Marucci stressed that Celldex remains financially strong. While the stock price has fallen fivefold since the March 7 announcement, the company has another two years of cash on hand, a little more than $220 million, enough to get through all the inflection points in its current mid- and late- stage pipeline. Management is confident that it will not have to abandon the pledge to maintain full control of its own pipeline. 

Although the prospect for any resumption of work on Rintega is low, data from the ACT IV trial is being scrubbed for clues on what went wrong. Flaws in the trial’s design have been discounted, but there is a chance the review might open some options for further study. A definitive announcement will be made at the November 2016 annual meeting of the Society of Neuro-Oncology in Phoenix.  

A second wave?

In the meantime, Celldex is emphasizing the potential of the rest of its pipeline. There are two standouts:  glembatumumab vedotin, an antibody drug conjugate currently in Phase II clinical trials for breast cancer, metastatic and uveal melanoma and osteosarcoma; and varilumab, a monoclonal antibody which is under investigation in early stage studies for seven cancer indications, in partnership with Roche and BMS. BMS is also helping Celldex to fund this work. Varilumab is being studied as a combination with the BMS blockbuster Opdivo, Pfizer’s Sutent and Roche/Genentech’s Tecentriq – the latter was approved by the FDA in May for bladder cancer – in multiple tumor types.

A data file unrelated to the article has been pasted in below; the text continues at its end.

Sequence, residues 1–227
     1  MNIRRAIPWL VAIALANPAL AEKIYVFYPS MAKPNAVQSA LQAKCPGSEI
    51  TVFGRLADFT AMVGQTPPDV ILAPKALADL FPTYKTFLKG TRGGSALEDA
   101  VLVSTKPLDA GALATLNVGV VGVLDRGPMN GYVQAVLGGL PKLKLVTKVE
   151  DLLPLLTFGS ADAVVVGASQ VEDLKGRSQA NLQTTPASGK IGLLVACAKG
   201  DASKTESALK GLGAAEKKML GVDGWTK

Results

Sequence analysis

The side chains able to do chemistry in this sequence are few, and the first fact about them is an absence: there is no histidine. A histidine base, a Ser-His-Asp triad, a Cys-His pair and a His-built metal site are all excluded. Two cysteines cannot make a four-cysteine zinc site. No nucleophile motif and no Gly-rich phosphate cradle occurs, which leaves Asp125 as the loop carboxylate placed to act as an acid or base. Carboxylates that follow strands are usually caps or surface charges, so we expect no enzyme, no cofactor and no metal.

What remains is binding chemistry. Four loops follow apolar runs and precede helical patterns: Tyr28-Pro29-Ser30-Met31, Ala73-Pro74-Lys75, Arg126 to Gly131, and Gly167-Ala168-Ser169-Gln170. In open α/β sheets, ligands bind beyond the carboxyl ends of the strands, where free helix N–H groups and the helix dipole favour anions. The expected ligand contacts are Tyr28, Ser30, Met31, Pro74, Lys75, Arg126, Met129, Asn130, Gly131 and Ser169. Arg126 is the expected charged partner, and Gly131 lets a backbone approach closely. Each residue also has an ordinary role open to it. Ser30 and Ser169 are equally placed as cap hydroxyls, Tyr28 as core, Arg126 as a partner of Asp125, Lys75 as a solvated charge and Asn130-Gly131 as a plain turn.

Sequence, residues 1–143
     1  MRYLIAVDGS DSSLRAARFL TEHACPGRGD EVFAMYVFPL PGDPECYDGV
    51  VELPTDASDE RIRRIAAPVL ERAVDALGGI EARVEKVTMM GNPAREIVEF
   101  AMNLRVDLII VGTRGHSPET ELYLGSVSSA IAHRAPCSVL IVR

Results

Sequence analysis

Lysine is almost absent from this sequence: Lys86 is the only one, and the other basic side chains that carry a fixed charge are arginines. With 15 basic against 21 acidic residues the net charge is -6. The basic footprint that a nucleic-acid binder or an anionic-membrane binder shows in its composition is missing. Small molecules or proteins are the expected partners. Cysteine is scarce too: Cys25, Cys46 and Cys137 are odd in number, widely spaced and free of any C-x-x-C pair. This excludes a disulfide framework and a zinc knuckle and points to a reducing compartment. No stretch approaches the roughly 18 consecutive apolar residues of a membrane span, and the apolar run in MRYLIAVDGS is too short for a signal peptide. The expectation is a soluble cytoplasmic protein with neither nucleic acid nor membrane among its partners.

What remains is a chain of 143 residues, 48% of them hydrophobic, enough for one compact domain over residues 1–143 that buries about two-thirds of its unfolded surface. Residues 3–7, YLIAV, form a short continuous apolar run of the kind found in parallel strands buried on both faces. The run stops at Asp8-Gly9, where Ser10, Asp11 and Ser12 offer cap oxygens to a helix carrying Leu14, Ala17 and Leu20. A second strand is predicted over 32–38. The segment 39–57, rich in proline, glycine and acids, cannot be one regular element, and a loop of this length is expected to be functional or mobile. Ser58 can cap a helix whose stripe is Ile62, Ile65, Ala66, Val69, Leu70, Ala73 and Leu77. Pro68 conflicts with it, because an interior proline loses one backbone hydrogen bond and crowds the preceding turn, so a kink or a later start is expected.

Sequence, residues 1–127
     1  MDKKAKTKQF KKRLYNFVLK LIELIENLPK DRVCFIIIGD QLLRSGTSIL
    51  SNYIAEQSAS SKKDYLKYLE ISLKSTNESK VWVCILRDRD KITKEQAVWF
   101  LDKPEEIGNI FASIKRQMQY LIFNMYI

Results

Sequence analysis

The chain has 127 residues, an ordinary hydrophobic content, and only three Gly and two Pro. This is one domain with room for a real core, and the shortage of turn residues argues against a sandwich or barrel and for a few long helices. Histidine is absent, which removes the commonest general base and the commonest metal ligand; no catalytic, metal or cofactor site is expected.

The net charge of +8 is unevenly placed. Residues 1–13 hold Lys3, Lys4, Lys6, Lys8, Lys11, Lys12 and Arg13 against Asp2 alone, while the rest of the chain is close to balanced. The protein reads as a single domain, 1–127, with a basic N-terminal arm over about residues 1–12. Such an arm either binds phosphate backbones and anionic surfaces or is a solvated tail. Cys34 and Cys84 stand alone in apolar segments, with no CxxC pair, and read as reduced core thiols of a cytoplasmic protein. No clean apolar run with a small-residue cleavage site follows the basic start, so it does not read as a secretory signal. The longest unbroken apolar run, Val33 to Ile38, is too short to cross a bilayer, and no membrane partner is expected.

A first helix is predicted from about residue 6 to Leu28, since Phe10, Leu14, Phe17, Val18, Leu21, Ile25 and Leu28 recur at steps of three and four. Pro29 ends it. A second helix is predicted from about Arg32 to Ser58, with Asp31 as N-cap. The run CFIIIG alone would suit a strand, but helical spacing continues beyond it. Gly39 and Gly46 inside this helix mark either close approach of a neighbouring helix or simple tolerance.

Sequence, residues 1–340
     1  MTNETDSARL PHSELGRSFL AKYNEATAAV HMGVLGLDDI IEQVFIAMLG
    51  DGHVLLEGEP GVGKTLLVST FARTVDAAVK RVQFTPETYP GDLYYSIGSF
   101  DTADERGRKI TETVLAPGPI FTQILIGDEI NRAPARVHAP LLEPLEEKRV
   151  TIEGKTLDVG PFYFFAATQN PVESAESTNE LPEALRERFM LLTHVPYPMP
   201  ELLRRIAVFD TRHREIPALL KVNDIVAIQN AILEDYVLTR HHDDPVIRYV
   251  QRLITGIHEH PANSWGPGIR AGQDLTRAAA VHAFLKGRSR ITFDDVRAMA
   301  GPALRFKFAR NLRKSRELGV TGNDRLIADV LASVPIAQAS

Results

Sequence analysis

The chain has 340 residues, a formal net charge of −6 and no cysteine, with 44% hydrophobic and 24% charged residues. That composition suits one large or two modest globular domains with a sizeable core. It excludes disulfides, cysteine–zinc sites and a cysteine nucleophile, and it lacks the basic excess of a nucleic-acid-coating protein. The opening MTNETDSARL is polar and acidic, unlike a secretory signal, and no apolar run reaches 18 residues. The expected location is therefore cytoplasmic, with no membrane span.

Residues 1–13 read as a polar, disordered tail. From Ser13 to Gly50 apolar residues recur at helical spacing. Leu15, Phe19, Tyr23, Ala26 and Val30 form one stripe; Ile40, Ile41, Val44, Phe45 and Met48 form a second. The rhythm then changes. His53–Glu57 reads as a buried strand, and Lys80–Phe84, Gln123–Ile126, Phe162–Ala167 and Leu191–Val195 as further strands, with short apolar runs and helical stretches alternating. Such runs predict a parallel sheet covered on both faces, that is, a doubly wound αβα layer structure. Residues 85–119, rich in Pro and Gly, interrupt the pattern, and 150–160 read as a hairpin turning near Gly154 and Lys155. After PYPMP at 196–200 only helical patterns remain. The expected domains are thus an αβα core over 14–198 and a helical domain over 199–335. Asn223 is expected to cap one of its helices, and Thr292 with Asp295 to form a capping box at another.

Although the amount of data being generated from this work has led to a resurgence of interest in Celldex among investors, results from the studies are not due until the end of 2017, at the earliest.  As is the case with any development-phase compound, there are no guarantees.

At a still earlier level of investigation are three Phase I candidates that attack cancers with immune modulating antibodies, proteins and vaccines. Conditions being targeted include B-cell lymphoma, metastatic melanoma, renal cell carcinoma, cancers of the ovary and fallopian tube, and kidney/peritoneal cancer. Moving these candidates into new investigator-sponsored trials – particularly CDX-301 for B-cell lymphoma, CDX-1401 for melanoma, and CDX-014 for renal cell carcinoma – are a priority this year.

Each of these research targets have potential as niche products to fill the gap for patients whose cancers have relapsed or progressed and have few other options. “They act on a broad spectrum of tumor types that will give us more choices down the road,” said Marucci. 

Celldex also intends to expand a technology application licensing agreement it has signed with Seattle Genetics Inc. on CDX-104 for renal cell carcinoma, to other oncology indications. Marucci adds that the company will be looking at similar strategic partnerships with other companies to augment its base of novel platform technologies in oncology and in other therapeutic areas that make sense.  Despite the depth from what Celldex already has in play, expanding the pipeline remains a key growth objective.

Faith in the “Triple Aim”